Injectable fillers smooth bumps

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Wednesday, November 19, 2008
WASHINGTON, DC
100,257 (8)
Newspaper (D)
2
American Academy of Facial Plastic & Reconstructive Surgery
Nose jobs freed
of surgical knife
Injectable fillers smooth bumps
By
KAREN GOLDBERG GOFF
THE WASHINGTON TIMES
aVe you always
wanted to get
rid of the bump
on your nose but
been afraid of
going under the
knife? Now you don't have to.
Many facial plastic surgeons
are using the same kind of injectable fillers used to smooth
wrinkles to straighten the kind of
imperfections that used to cost
thousands of dollars to fix, not to
mention surgical recovery time.
The nonsurgical nose job
takes about 15 minutes and uses
common cosmetic fillers such as
Radiesse or Restalyne .
A nonsurgical nose job costs
$600 to $1,000, depending on how
much filler is used, says nc.
plastic surgeon Dr. Dale Isaacson. A surgical nose job usually
costs upward of $5,000.
One caveat: The results are
not permanent. Most fillers last
about 10 months to a year, which
gives patients enough time to decide whetherto repeat the procedure, do it again with a permanent filler or go for surgery.
"I say it is like taking a nose
out for a test drive;' says Dr.
Alexander Rivkin, a Los Angeles plastic surgeon who developed the procedure about four
years ago.
Dr. Rivkin says the injectable
nose job (rhinoplasty in doctors'
language) is a good option for a
patient who has a minor flaw,
such as a flat bridge or asymme-
H
try. The filler is injected over the
bones but under the skin. Injectables can give the illusion of
smoother and smaller because
the eye is not looking at the irregularity. However, injectables cannot actually make a bump
smaller, he says.
And the injectables are not
without controversy: An FDA advisory board met yesterdayto review complaints that injectable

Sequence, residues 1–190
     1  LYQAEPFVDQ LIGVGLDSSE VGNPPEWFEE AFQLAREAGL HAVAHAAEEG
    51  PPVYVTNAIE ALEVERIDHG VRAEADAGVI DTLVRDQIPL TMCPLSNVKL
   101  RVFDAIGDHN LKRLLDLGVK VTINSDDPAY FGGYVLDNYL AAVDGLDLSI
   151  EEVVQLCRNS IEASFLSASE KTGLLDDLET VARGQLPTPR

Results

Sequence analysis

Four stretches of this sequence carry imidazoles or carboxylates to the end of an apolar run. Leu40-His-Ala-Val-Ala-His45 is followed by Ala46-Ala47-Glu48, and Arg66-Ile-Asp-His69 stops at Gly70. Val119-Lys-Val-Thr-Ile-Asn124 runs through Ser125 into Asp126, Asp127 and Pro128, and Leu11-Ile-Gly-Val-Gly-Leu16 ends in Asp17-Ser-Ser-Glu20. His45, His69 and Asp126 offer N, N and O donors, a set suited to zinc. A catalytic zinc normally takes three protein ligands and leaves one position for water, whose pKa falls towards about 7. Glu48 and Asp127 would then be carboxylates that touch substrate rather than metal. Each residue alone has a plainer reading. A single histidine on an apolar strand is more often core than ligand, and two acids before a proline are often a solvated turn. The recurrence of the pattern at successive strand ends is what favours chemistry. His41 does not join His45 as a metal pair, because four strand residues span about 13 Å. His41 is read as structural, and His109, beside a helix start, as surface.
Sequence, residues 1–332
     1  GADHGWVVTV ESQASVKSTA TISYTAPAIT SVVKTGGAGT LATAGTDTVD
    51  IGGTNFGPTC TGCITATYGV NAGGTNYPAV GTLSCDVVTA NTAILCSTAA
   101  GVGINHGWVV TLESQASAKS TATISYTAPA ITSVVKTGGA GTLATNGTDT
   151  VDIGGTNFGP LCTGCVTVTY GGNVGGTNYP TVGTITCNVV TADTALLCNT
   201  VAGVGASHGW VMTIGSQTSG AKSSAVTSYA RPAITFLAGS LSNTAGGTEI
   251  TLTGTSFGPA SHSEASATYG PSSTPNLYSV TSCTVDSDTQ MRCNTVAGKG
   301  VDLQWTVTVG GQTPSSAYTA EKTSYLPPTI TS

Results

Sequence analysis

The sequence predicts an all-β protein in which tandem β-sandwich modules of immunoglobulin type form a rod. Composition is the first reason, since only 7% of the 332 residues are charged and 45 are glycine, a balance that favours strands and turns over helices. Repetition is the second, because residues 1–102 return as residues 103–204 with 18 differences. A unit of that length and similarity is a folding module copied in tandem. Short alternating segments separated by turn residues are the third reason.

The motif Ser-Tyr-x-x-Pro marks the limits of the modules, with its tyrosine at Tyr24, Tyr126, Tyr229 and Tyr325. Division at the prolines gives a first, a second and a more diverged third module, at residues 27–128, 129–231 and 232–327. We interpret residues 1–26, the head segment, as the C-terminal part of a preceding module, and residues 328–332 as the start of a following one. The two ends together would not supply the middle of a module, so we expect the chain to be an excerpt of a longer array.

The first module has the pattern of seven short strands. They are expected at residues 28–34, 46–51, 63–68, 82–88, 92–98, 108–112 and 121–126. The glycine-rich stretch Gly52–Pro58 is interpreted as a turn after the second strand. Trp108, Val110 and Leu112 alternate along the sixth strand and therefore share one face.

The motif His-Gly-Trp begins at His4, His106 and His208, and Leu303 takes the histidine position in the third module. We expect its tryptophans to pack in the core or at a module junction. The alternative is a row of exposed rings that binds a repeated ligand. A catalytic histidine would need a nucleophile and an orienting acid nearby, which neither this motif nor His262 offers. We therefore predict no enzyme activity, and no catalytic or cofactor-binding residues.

facial fillers may have caused serious problems in some patients.
Usinginjectables in the nose
is considered an off-label" use,
meaning the fillers have not
been approved by the FDA for
use in that manner. At yesterday's hearing, plastic surgeons
and other independent advisers
were asked for recommendations on how to monitor the
long-term effects and potential
risks of facial fillers.
FDA scientists presented data
on 823 patients who suffered reactions after treatment - in various parts of the face - with
fillers between 2003 and September 2008. There have been no
deaths reported to the FDA, but
638 of the patients required follow-up medical treatment. Most
reactions involved minorswelling
and redness, complications that
could be expected. However, the
FDA also received reports of"serious and unexpected" problems,
including facial, lip and eye paralysis, disfigurement, vision complications and some severe allergic reactions.
Dr. Isaacson says injectables
are a good option for someone
who is not certain he or she wants
a permanentalterationin appearance. He performs the procedure
using several types of fillers.
Juvederm, a hyaluronic acid dermal filler commonly used for facial folds and wrinkles, is a popular first step because it is
immediately reversible, he says.
Longer-lasting options are Restalyne, another hyaluronic acid
filler, and Radiesse, which is
composed ofcalcium hydroxylapatite. Anotherfiller, Artefill, was
approved in 2007. Artefill offers
permanent results. Fillers also
can be used for chin enhancement and to reduce jawlinejowls.
Dr. Donn Chatham, president of the American Academy
of Facjal Plastjc and Reconstructive Surgery, says nonsurgIcal alternatIves are very
trendy, but only time will tell if
they are a long-lasting solution
to cosmetic problems.
"I would say I favor easier
ways to achieve good outcomes;'
he says, "but this procedure has
a limited application for a small
group of patients."
Dr. Chatham also says potential patients should understand
that even though these procedures are not surgery, they still
need to be done by an experienced professional.
"Because injectable procedures have gotten a lot ofplay on
YouThbe, people have this image
it is like going to a spa;' he says.
"This is still a medical material
to be administered by a medical
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professional. There is always a
possibility of a problem with a
filler, and for most of them, they
are not removable once they are
in. These fillers are good, but I
Wednesday, November 19, 2008
WASHINGTON, DC
100,257 (8)
Newspaper (D)
2
American Academy of Facial Plastic & Reconstructive Surgery
don't think it is going to replace
the traditional rhinoplasty."
Injectable
fillers can
improve the
appearance
of noses
with minor
flaws such
as a bump,
as seen
in before
and after
photographs
provided by
the practice
of Drs. Dale
Isaacson
and Marilyn
Berzin in the
District.
Page 2 012
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